Abstract 16513: Very Long-Term Follow-up in Patients With Arrhythmogenic Right Ventricular Cardiomyopathy and an Implantable Cardioverter/Defibrillator
Background: Arrhythmogenic right ventricular cardiomyopathy (ARVC) is a major cause of ventricular tachycardia (VT) and sudden cardiac arrest (SCA) in young patients (pts). Treatment with implantable cardioverter/defibrillators (ICD) has proven to be effective in preventing arrhythmic death. However, data on the very long-term follow-up (FU; >5 years) in these pts are missing.
Methods and Results: Sixty pts with ARVC (age 44±17 years) were treated with a transvenous ICD system. Among these were 3 pts (5%) who received an ICD for primary prophylaxis, 3 pts (5%) with prior syncope, 36 pts (60%) with sustained VT, and 18 pts (30%) with survived SCA. During the long-term follow-up period of up to 18 years (mean FU: 11±5 years), event-free survival was 49%, 23%, 15%, and 8% for appropriate ICD therapies and 78%, 50%, 32%, and 15% for potentially fatal fast VT (fVT; >240 bpm) after 1, 5, 10, and 15 years, respectively. fVT occurred in 2/3 pts (67%) with primary prophylactic ICD, in 1/3 pts with prior syncope (33%), in 16/36 pts (44%) with sustained VT, and in 7/18 pts (39%) after SCA (P =ns). During FU, 12/60 pts (20%) died, 5/12 pts (42%) due to progressive heart failure. Three patients (5%) underwent heart transplantation 3.5±1.3 years after ICD implantation. Freedom from adverse events was 86%, 60%, 32%, and 10% after 1, 5, 10, and 15 years, respectively. Multivariate analysis identified inducible VT during programmed ventricular stimulation as the only independent predictor of appropriate ICD discharge (P <0.03).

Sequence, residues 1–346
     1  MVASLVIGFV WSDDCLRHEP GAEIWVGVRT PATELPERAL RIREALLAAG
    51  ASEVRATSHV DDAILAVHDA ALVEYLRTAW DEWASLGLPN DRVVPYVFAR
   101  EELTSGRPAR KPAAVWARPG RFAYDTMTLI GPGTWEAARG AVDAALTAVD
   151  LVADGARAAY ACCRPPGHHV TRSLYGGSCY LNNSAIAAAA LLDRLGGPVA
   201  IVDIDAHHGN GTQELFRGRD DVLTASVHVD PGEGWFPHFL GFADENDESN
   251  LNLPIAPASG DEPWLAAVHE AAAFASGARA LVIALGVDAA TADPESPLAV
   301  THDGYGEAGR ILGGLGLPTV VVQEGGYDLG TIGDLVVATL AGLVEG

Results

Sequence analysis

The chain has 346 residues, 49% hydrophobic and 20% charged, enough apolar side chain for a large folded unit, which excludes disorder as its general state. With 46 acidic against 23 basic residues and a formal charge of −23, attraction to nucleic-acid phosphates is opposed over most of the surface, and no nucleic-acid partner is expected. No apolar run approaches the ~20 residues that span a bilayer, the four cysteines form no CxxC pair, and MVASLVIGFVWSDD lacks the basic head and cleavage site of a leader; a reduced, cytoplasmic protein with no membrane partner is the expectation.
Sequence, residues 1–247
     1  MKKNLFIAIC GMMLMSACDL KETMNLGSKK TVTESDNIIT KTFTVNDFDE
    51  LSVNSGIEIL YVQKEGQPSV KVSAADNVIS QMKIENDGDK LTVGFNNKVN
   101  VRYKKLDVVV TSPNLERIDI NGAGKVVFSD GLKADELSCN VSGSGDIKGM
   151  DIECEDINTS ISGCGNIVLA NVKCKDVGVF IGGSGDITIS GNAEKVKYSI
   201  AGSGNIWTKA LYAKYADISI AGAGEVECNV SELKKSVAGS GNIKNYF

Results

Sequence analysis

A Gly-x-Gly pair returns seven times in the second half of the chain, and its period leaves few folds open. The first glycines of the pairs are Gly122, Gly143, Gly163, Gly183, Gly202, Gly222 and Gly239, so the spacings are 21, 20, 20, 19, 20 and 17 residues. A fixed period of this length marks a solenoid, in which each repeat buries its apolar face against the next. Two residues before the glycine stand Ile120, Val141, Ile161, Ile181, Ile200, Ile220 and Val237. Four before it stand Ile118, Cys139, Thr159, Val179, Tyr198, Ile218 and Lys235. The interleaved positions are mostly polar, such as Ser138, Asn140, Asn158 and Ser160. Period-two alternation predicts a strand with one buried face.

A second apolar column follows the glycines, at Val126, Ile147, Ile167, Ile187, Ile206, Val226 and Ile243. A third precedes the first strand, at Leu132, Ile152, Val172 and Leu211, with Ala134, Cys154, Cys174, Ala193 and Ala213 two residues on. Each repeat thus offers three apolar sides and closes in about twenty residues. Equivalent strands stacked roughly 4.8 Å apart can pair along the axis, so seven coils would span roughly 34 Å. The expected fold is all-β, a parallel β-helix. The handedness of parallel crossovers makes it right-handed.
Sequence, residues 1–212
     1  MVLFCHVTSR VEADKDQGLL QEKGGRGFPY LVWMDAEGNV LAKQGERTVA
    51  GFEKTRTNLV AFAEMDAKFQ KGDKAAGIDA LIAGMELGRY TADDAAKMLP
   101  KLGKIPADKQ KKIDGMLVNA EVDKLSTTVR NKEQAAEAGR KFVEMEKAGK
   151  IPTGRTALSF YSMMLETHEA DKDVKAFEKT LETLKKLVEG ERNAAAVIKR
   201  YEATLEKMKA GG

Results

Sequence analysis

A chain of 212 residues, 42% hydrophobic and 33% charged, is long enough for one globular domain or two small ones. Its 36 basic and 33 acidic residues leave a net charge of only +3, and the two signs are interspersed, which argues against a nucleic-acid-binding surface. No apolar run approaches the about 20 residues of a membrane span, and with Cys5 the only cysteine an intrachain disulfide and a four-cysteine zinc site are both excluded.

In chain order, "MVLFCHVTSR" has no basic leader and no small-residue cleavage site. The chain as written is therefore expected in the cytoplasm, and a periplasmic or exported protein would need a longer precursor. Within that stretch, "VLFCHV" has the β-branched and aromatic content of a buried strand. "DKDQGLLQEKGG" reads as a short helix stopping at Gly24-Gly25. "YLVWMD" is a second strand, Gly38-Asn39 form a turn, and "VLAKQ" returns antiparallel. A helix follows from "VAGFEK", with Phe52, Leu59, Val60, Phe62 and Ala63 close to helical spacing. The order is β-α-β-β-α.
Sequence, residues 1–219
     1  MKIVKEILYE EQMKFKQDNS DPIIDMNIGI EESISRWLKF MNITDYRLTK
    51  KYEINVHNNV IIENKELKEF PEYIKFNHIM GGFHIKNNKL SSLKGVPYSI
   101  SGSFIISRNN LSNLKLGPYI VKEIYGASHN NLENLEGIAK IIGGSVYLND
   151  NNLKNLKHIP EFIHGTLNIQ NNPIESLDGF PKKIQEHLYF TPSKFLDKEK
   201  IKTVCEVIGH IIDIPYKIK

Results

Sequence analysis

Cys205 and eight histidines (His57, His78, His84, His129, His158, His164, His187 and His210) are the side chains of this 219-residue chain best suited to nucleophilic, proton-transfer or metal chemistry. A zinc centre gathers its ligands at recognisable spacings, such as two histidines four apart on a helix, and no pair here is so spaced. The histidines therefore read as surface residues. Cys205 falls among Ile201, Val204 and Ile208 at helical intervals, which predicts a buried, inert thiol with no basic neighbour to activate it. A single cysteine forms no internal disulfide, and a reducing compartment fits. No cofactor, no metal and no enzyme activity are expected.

Conclusions: These results strongly suggest an improvement in long-term prognosis by ICD therapy in high-risk patients with ARVC. However, meticulous placement and long-term observation of transvenous lead performance with focus on sensing function are required for the prevention and/or early recognition of disease progression and lead-related morbidity during the long-term follow-up of ICD therapy in ARVC.
- © 2010 by American Heart Association, Inc.